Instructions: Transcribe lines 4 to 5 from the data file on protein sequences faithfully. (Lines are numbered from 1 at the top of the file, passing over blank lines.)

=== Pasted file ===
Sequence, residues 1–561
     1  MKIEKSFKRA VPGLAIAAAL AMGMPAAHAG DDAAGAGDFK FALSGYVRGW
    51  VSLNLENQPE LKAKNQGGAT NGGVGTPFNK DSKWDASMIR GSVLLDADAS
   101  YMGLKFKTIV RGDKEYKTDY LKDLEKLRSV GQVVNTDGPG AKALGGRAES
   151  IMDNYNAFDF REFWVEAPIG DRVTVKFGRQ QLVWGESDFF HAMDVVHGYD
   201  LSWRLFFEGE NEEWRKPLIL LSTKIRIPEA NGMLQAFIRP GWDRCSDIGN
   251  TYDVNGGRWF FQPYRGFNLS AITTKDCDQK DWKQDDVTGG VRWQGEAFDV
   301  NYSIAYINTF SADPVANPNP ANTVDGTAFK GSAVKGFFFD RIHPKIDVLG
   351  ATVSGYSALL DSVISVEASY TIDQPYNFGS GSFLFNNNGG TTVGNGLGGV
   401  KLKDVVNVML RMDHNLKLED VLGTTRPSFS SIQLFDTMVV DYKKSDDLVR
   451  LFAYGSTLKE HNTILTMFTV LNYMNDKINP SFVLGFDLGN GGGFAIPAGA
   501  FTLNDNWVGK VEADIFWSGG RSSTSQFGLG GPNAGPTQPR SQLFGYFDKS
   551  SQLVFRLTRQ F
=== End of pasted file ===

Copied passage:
   101  YMGLKFKTIV RGDKEYKTDY LKDLEKLRSV GQVVNTDGPG AKALGGRAES
   151  IMDNYNAFDF REFWVEAPIG DRVTVKFGRQ QLVWGESDFF HAMDVVHGYD